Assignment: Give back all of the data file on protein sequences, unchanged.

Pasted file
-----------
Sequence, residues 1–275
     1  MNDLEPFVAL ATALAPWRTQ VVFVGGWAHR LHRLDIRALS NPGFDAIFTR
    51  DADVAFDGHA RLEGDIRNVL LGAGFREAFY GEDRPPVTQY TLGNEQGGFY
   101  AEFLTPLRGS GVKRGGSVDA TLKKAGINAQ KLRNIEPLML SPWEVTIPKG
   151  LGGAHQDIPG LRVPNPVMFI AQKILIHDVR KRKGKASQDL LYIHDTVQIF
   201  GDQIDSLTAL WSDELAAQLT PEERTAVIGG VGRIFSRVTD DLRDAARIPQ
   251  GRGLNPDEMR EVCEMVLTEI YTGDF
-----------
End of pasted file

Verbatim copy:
Sequence, residues 1–275
     1  MNDLEPFVAL ATALAPWRTQ VVFVGGWAHR LHRLDIRALS NPGFDAIFTR
    51  DADVAFDGHA RLEGDIRNVL LGAGFREAFY GEDRPPVTQY TLGNEQGGFY
   101  AEFLTPLRGS GVKRGGSVDA TLKKAGINAQ KLRNIEPLML SPWEVTIPKG
   151  LGGAHQDIPG LRVPNPVMFI AQKILIHDVR KRKGKASQDL LYIHDTVQIF
   201  GDQIDSLTAL WSDELAAQLT PEERTAVIGG VGRIFSRVTD DLRDAARIPQ
   251  GRGLNPDEMR EVCEMVLTEI YTGDF